2.) What were some of the strengths and weaknesses of this work? Are there any areas of the book that could have been improved upon by the author? Why or why not?
3.) Was Figes' work organized in a logical and convincing manner?
4.) What type of primary and secondary source materials does the author rely upon? Does this help or hinder his overall argument? Why or why not?
5.) Were your surprised by any of the facts and figures presented by Figes?
6.) Who was Figes' intended audience for this piece? Can both scholars and non-academics appreciate the contents of this work? Why or why not?
7.) Do you agree that the Russian Revolution should be understood as an event that spanned nearly a hundred years?
Recommended for You
8.) In what ways did Figes challenge modern scholarship with this work? Does his book offer a unique perspective to current historiographical works? Does this book offer any new additions to current scholarship that are profound?
9.) Would you be willing to recommend this book to a friend or family member? Why or why not?
Suggestions for Further Reading:
Figes, Orlando. A People’s Tragedy: A History of the Russian Revolution (New York: Penguin, 1996).
Fitzpatrick, Sheila. The Russian Revolution. New York: Oxford University Press, 2008.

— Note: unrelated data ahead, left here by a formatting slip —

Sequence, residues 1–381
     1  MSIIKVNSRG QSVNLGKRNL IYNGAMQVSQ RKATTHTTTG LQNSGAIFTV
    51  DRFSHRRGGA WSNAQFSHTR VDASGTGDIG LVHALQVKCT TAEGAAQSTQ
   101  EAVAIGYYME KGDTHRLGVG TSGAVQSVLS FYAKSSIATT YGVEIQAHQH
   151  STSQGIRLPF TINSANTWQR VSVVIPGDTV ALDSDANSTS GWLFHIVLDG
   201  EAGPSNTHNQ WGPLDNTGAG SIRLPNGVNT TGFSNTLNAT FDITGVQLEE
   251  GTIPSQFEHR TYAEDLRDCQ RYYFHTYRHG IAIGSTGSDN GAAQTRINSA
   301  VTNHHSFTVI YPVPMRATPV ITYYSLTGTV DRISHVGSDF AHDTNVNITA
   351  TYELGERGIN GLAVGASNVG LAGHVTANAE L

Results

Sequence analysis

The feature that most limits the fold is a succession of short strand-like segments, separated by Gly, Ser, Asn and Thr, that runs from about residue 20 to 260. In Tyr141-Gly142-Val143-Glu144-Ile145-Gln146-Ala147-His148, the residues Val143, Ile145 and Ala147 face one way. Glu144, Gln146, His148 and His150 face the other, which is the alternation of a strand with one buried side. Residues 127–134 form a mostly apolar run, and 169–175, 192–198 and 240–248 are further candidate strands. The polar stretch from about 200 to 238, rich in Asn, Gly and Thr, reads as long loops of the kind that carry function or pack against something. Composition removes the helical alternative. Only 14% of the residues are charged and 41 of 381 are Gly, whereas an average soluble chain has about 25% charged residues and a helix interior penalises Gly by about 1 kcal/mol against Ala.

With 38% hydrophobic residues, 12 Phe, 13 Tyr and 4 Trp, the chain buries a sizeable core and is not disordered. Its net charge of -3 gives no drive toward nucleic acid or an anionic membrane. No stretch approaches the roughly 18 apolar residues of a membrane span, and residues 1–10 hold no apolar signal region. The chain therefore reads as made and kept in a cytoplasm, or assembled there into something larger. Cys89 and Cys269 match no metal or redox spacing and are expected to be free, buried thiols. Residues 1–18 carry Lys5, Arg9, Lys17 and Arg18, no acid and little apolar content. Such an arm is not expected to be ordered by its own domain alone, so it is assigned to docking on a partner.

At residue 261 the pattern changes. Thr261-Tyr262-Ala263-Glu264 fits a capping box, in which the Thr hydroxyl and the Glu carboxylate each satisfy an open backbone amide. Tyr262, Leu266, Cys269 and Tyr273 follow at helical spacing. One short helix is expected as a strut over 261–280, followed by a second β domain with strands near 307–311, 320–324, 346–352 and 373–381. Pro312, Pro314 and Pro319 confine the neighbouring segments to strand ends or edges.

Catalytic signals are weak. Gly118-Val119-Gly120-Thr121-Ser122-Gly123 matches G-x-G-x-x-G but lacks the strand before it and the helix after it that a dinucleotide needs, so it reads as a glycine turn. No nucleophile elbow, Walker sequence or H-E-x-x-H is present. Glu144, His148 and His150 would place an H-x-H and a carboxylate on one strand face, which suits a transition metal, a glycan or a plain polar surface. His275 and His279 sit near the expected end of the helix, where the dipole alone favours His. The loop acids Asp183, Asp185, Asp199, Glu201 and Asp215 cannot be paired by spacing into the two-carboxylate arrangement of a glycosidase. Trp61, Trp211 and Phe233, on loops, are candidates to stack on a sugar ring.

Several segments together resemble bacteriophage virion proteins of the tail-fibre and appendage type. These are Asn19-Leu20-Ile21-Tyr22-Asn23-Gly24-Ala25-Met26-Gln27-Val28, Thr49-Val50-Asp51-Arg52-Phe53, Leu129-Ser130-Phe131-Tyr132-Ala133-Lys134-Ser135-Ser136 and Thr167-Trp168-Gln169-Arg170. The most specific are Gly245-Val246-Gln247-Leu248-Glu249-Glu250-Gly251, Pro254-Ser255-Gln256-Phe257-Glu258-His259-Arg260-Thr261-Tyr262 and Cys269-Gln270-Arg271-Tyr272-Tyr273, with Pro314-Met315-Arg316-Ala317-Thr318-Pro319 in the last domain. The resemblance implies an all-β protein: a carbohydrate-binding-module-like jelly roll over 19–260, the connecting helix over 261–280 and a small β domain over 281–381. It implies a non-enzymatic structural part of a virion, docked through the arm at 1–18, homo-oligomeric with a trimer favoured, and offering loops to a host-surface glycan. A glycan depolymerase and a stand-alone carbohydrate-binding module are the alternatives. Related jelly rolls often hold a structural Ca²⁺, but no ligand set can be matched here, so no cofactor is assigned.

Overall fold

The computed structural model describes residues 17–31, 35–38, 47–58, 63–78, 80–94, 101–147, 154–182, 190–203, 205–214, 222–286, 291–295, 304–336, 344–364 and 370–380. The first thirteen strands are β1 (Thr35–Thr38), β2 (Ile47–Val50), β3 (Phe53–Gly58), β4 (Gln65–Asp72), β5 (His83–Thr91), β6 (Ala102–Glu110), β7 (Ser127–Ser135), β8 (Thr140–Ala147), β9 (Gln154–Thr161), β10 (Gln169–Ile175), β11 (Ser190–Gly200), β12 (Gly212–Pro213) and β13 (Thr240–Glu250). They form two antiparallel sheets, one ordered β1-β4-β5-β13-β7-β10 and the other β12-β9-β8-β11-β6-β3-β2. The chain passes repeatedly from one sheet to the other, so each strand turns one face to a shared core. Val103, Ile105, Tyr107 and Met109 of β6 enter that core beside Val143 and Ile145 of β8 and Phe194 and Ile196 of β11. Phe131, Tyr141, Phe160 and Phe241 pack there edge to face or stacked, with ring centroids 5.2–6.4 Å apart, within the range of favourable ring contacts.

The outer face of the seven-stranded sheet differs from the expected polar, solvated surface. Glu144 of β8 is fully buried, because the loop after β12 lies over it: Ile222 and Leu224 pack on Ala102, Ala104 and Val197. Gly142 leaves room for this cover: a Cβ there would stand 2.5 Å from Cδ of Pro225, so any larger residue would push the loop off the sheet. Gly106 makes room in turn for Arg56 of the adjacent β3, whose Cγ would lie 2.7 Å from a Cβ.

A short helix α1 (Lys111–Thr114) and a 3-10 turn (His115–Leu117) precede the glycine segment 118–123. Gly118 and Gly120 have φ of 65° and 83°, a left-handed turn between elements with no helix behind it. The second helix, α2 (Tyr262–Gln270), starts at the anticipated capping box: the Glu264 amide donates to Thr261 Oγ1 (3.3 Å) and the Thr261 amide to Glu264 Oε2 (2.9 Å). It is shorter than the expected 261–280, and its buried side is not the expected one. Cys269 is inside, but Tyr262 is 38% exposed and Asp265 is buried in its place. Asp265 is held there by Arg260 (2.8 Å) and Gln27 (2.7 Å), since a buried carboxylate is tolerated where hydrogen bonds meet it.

Lieven, Dominic. The End of Tsarist Russia: The March to World War I & Revolutions. New York: Viking, 2015.
Pipes, Richard. Russia Under the Bolshevik Regime. New York: A.A. Knopf, 1993.
Pipes, Richard. The Russian Revolution. New York: Vintage Books, 1991.
Radzinsky, Edvard. The Last Tsar: The Life and Death of Nicholas II. New York: Anchor Books, 1993.
Smith, Douglas. Former People: The Final Days of the Russian Aristocracy. New York: Farrar, Straus, and Giroux, 2012.
Ulam, Adam B. The Bolsheviks: The Intellectual, Personal and Political History of the Triumph of Communism in Russia. New York: Collier Books, 1965.
About the Author
Orlando Figes is a British historian who is considered an expert in the field of Russian history. He is currently a Professor of History at Birkbeck College (University of London), and received his PhD from Trinity College at Cambridge in 1984. In the past two decades, Figes has published eight award-winning books. His work, A People's Tragedy, garnered Figes numerous awards, including: the "Wolfson History Prize," the "WH Smith Literary Award," the "NCR Book Award," the "Longman/History Today Book Prize," as well as the "Los Angeles Times Book Prize." The Times Literary Supplement has also listed A People's Tragedy as "one of the hundred most influential books since the war."
Figes, Orlando. Revolutionary Russia, 1891-1991: A History. New York: Metropolitan Books, 2014.
© 2018 Larry Slawson
Liz Westwood from UK on June 14, 2018:
This is an interesting commentary. Having visited the USSR in the early 1980s, including the Lenin mausoleum on Red Square and having seen loads of Lenin memorabilia at that time, I'm interested in this period of Russian history.